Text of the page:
Aboveground Storage Tanks (ASTs)
If your facility has a cumulative aboveground storage capacity of petroleum products that reach or exceed 1,320 gallons or a storage tank with a capacity of 55 gallons or greater that is stored 10% below the ground surface (tank in an underground area) then the facility is regulated by the Aboveground Petroleum Storage Act (APSA). These facilities typically include large petroleum tank facilities, aboveground fuel tank stations, and vehicle repair shops with aboveground petroleum storage tanks. To ensure that each facility is doing its job to protect residents and the environment, Plumas County Environmental Health inspects, educates, investigates complaints, and enforces the laws and regulations about APSA.
BASIC NEED-TO-KNOW RESPONSIBILITIES:
- Maintain an active permit through Environmental Health by keeping CERS up to date and paying annual fees
- Prepare a Spill Prevention, Control, and Countermeasure Plan (SPCC Plan) by the oil pollution prevention guidelines in the Federal Code of Regulations and keep it on site.
- Implement your SPCC plan, including but not limited to:
- Provide training to employees as outlined in your SPCC plan and maintain records
- Conduct routine visual inspections of the aboveground storage tank(s) as outlined in your SPCC plan and maintain records
- Conduct annual spill prevention briefings and maintain records
- Implement site security measures as outlined in your SPCC plan
- Review SPCC and document review of SPCC plan every 5 years
- Comply with all HMBP requirements
- Aboveground Storage Tank (AST) is defined under APSA as a tank that can store 55 gallons or more of petroleum and that is substantially or totally above the surface of the ground, including tanks in underground areas.
- A Tank in an Underground Area (TIUGA) is defined under APSA as a tank (capacity of 55 gallons or more of petroleum) that is located above the floor surface but at least 10% below ground surface (ie basement/cellar/vault), the structure that the tank is stored in must provide secondary containment for the tank and allow for direct viewing of the exterior of the tank. See the TIUGA fact sheet for more details.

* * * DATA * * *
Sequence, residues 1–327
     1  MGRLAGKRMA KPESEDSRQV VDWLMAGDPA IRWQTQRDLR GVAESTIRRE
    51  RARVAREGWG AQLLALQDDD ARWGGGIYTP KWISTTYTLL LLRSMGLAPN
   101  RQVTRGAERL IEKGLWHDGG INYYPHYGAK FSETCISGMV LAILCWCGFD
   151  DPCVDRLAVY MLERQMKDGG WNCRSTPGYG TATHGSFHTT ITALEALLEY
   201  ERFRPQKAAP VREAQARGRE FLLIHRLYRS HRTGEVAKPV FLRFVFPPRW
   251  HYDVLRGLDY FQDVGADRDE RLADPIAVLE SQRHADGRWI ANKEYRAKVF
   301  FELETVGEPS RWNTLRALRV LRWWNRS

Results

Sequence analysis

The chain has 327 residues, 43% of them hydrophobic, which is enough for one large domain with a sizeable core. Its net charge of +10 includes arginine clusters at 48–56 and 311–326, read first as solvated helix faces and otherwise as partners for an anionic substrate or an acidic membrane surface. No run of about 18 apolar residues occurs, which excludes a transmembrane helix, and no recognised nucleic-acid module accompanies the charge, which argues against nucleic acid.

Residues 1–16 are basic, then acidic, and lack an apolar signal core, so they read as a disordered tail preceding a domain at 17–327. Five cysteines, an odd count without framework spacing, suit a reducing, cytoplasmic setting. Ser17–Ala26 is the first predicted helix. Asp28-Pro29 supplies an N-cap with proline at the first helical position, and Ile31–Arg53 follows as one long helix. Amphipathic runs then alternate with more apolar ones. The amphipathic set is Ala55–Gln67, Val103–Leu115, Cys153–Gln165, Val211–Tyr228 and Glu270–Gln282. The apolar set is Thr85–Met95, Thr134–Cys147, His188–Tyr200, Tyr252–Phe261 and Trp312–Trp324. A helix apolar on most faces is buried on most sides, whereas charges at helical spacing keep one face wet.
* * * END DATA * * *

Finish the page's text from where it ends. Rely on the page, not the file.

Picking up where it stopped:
- Petroleum is defined under APSA to mean crude oil, or any fraction thereof, which is liquid at 60 degrees Fahrenheit and normal atmospheric pressure.
- Under this definition, petroleum does not include propane, liquid petroleum gas (LPG), or liquid natural gas (LNG)
- Tier I Qualified Facilities are facilities that store 10,000 gallons or less of aggregate (total) aboveground oil with no single/ individual aboveground storage tanks greater than 5,000 gallons. Additionally, the facility qualifies as Tier I only if no single discharge greater than 1,000 gallons or two discharges exceeding 42 gallons into navigable waters has occurred in any 12 months during the previous three years. If the facility meets this criteria it may use and self-certify its SPCC plan using the Tier I SPCC plan template (PDF).
- Tier II Qualified Facilities are facilities that store 10,000 gallons or less of aggregate (total) aboveground oil and have single/ individual aboveground storage tanks greater than 5,000 gallons. Additionally, the facility qualifies as Tier I only if no single discharge greater than 1,000 gallons or two discharges exceeding 42 gallons into navigable waters has occurred in any 12 months during the previous three years. If the facility meets this criteria it may use and self-certify its SPCC plan using the Tier II SPCC plan template (PDF).
- Non-Qualified Facilities are facilities that do not qualify as Tier I or Tier II. Non-qualified facilities must prepare an SPCC plan with good engineering practices and have the SPCC plan certified by a Professional Engineer.
- Conditionally Exempt Facilities are tank facilities located on a farm, nursery, logging site, or construction site, while still regulated under APSA, are conditionally exempt from the APSA requirement to prepare and implement a SPCC plan if:
- no storage tank at the location exceeds 20,000 gallons, and
- the cumulative storage capacity of the tank facility does not exceed 100,000 gallons.
- These facilities are still subject to APSA program fees, Tank Facility Statement/Business Plan submission, and inspection by Unified Program Agencies (UPAs). Additionally, these facilities are required to conduct daily visual inspections of aboveground tanks storing petroleum.
To ensure that APSA requirements are met and that the facility complies with State and Federal law, the Environmental Health Department conducts routine inspections at all facilities that are APSA. These inspections also assist in identifying safety hazards that could lead to an accidental spill or release of hazardous materials and allow the Specialist to work with facility owners on how to avoid hazardous release problems.